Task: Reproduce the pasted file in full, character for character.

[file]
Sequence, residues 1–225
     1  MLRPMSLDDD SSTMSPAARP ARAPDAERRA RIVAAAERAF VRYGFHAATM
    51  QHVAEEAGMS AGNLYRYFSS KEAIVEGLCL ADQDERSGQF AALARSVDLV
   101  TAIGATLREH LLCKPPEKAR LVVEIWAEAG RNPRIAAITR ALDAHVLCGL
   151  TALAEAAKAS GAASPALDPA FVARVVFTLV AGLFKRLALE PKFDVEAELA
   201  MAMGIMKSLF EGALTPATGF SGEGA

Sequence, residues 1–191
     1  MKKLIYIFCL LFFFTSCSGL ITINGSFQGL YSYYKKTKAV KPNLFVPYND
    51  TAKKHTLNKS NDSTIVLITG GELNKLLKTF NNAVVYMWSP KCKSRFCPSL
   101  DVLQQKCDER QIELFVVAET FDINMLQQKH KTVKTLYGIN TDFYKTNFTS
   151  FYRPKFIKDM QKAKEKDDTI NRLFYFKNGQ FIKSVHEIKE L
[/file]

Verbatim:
Sequence, residues 1–225
     1  MLRPMSLDDD SSTMSPAARP ARAPDAERRA RIVAAAERAF VRYGFHAATM
    51  QHVAEEAGMS AGNLYRYFSS KEAIVEGLCL ADQDERSGQF AALARSVDLV
   101  TAIGATLREH LLCKPPEKAR LVVEIWAEAG RNPRIAAITR ALDAHVLCGL
   151  TALAEAAKAS GAASPALDPA FVARVVFTLV AGLFKRLALE PKFDVEAELA
   201  MAMGIMKSLF EGALTPATGF SGEGA

Sequence, residues 1–191
     1  MKKLIYIFCL LFFFTSCSGL ITINGSFQGL YSYYKKTKAV KPNLFVPYND
    51  TAKKHTLNKS NDSTIVLITG GELNKLLKTF NNAVVYMWSP KCKSRFCPSL
   101  DVLQQKCDER QIELFVVAET FDINMLQQKH KTVKTLYGIN TDFYKTNFTS
   151  FYRPKFIKDM QKAKEKDDTI NRLFYFKNGQ FIKSVHEIKE L